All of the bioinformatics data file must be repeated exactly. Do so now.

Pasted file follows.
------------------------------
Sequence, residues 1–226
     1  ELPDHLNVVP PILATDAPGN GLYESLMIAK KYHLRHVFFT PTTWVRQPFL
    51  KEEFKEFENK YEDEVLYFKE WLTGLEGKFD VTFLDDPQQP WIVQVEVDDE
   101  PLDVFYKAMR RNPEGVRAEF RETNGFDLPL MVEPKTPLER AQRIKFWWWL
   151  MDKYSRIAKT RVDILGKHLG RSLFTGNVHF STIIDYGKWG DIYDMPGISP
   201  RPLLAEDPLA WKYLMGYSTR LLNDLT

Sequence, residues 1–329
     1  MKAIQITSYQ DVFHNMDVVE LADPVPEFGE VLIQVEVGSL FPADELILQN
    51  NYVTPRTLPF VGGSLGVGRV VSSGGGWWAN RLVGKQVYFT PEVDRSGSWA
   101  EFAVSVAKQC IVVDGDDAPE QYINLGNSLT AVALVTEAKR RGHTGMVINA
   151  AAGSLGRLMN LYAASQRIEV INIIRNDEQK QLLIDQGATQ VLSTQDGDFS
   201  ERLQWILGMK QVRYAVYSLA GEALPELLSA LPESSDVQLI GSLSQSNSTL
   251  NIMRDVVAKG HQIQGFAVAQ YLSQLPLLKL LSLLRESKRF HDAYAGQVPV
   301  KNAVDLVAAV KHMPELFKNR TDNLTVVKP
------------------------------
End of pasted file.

Sequence, residues 1–226
     1  ELPDHLNVVP PILATDAPGN GLYESLMIAK KYHLRHVFFT PTTWVRQPFL
    51  KEEFKEFENK YEDEVLYFKE WLTGLEGKFD VTFLDDPQQP WIVQVEVDDE
   101  PLDVFYKAMR RNPEGVRAEF RETNGFDLPL MVEPKTPLER AQRIKFWWWL
   151  MDKYSRIAKT RVDILGKHLG RSLFTGNVHF STIIDYGKWG DIYDMPGISP
   201  RPLLAEDPLA WKYLMGYSTR LLNDLT

Sequence, residues 1–329
     1  MKAIQITSYQ DVFHNMDVVE LADPVPEFGE VLIQVEVGSL FPADELILQN
    51  NYVTPRTLPF VGGSLGVGRV VSSGGGWWAN RLVGKQVYFT PEVDRSGSWA
   101  EFAVSVAKQC IVVDGDDAPE QYINLGNSLT AVALVTEAKR RGHTGMVINA
   151  AAGSLGRLMN LYAASQRIEV INIIRNDEQK QLLIDQGATQ VLSTQDGDFS
   201  ERLQWILGMK QVRYAVYSLA GEALPELLSA LPESSDVQLI GSLSQSNSTL
   251  NIMRDVVAKG HQIQGFAVAQ YLSQLPLLKL LSLLRESKRF HDAYAGQVPV
   301  KNAVDLVAAV KHMPELFKNR TDNLTVVKP